• Mike Tyson revealed he started smoking the venom of the Sonoran Desert toad four years ago
  • The athlete said he lost 100 pounds in three months and reconnected with his family after he started smoking toad venom
  • Tyson now hopes to be able to sell the toad venom soon

Former professional boxer Mike Tyson claimed he "died" during a psychedelic trip after smoking toad venom for the first time.

Four years ago, Tyson was 100 pounds overweight, sluggish and unhappy when a friend suggested that he try toad venom, which comes from Bufo alvarius, a Mexico amphibian also known as the Sonoran Desert Toad, the New York Post reported. The athlete ended up loving it.

"I 'died' during my first trip," Tyson told the outlet at the psychedelics- and medicine-focused Wonderland conference in Miami, Florida, last week. "In my trips, I've seen that death is beautiful. Life and death both have to be beautiful, but death has a bad rep. The toad has taught me that I'm not going to be here forever. There's an expiration date."

The amphibian's venom, a potent hallucinogen called 5-methoxy-N,N-dimethyltryptamine (5-MeO-DMT), can be smoked to produce a short psychoactive trip and has long been used in traditional healing rituals, according to the outlet.

"I did it as a dare. I was doing heavy drugs like cocaine, so why not? It's another dimension," said the 55-year-old former world champion boxer, whose real name is Michael Gerard Tyson, of his first experience with the venom.

Tyson revealed that he was a "wreck" and had low self-esteem before he tried it. He claimed that people with "big egos" often have low self-esteem and use their ego to "subsidize" it but that toad venom "strips the ego."

Tyson has since experimented with toad venom 53 times — with the athlete sometimes smoking three times in one day.

He said he lost 100 pounds in three months, started boxing again and reconnected with his wife and children.

Tyson has become an advocate for psychedelics, which he claimed made him "more creative" and helped him focus. Additionally, he said he was "more present as a businessman and entrepreneur" because of the substances.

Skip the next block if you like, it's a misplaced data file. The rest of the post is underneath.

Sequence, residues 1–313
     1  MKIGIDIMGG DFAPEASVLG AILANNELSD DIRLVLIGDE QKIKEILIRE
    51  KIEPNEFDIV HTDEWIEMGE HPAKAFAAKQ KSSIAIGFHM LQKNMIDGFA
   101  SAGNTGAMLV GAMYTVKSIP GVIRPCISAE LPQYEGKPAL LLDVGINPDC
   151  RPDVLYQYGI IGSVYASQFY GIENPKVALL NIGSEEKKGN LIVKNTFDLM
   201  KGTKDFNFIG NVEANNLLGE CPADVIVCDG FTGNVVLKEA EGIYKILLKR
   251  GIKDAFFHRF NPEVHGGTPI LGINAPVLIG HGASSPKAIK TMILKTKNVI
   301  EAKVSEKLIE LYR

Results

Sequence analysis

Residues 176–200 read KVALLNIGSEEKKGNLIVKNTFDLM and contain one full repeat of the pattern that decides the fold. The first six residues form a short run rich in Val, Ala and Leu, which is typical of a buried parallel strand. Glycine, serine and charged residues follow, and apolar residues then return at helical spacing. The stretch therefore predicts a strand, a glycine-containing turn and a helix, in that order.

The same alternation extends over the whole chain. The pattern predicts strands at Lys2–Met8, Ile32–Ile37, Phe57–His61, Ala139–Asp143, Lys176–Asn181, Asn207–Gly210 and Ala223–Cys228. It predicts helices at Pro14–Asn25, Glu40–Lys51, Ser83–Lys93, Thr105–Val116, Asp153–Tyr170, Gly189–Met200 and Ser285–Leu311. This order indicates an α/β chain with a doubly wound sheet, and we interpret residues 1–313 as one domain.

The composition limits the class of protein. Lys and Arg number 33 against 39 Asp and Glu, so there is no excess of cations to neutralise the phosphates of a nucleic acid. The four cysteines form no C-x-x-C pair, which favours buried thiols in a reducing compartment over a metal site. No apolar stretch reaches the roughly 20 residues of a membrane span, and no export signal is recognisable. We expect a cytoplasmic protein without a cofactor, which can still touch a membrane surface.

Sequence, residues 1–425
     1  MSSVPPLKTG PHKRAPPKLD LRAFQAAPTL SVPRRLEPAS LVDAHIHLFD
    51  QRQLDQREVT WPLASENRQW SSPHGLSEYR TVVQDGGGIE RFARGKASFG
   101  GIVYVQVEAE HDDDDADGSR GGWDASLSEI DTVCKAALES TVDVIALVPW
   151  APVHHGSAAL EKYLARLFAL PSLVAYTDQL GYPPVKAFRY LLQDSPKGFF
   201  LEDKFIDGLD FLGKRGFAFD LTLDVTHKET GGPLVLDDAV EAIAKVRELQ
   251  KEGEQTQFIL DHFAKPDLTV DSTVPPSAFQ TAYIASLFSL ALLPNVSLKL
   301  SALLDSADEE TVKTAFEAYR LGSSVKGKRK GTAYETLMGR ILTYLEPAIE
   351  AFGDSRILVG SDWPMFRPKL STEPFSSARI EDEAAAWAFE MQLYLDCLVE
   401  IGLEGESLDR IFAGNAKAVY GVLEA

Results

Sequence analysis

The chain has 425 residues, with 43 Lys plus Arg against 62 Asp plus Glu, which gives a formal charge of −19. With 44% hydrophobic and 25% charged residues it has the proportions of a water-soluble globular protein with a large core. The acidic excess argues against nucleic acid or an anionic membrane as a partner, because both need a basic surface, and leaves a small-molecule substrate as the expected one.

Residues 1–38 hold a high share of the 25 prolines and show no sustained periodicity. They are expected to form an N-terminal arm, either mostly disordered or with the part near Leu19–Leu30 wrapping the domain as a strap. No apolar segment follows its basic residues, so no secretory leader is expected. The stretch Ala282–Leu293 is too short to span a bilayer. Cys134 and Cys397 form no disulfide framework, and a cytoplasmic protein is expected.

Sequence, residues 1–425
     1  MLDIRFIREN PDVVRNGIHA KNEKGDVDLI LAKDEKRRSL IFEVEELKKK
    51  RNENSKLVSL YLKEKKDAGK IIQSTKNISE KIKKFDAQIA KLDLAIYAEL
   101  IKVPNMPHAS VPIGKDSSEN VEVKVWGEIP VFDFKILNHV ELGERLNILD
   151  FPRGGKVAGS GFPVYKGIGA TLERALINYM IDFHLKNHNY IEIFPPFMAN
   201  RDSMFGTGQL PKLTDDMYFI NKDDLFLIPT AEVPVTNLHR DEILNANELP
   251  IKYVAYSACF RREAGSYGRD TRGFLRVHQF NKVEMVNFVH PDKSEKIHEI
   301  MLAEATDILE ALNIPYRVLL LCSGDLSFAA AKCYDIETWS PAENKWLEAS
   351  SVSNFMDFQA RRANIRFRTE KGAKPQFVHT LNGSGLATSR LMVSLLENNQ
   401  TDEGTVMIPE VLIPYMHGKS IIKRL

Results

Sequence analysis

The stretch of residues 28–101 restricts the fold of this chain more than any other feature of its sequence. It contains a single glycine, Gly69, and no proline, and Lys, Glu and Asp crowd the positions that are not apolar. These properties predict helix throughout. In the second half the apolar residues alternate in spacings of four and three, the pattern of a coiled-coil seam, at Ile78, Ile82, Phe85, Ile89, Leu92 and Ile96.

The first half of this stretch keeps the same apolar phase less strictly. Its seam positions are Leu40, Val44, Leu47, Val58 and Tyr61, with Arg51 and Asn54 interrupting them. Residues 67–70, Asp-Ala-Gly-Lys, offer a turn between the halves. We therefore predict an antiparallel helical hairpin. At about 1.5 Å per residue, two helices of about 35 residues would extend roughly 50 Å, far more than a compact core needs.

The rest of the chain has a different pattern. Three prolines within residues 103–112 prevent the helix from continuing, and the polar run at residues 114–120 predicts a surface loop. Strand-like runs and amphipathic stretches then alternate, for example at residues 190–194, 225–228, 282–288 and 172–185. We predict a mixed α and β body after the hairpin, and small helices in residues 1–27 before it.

"People see the difference [in me]. It speaks for itself. If you knew me in 1989 you knew a different person. My mind isn’t sophisticated enough to fathom what happened, but life has improved. The toad’s whole purpose is to reach your highest potential. I look at the world differently. We’re all the same. Everything is love," the former professional boxer said.

Tyson, who reportedly has a whole nursery of Bufo alvarius toads at his ranch in Desert Hot Springs, California, is now working on two brands of cannabis: "Undefeated" and "Toad." He is teaming up with a new team, including entrepreneur Adam Wilks and marijuana heavyweight Columbia Care Inc.

His "Toad" line was inspired by Tyson's experiences with toad venom, but it will not include actual psychedelic venom.

Tyson, however, hopes to be able to sell toad venom soon as cities like Denver, Detroit and Oakland have started to decriminalize mushrooms. He has also invested in biotech company Wesana Health, which treats traumatic brain injuries with "magic mushrooms," or psilocybin.

"I’m fighting for psychedelics to become medicine you can buy over the counter. I’m not finished. I want to do more. I want to be the best I can be in this field," Tyson said.

Mike Tyson returns to boxing at age 54 on saturday with an eight-round fight against 51-year-old Roy Jones Jr. at Los Angeles Mike Tyson revealed that he has been vaccinated from COVID-19 despite being unwilling to get the jab. Photo: GETTY IMAGES NORTH AMERICA / James Gilbert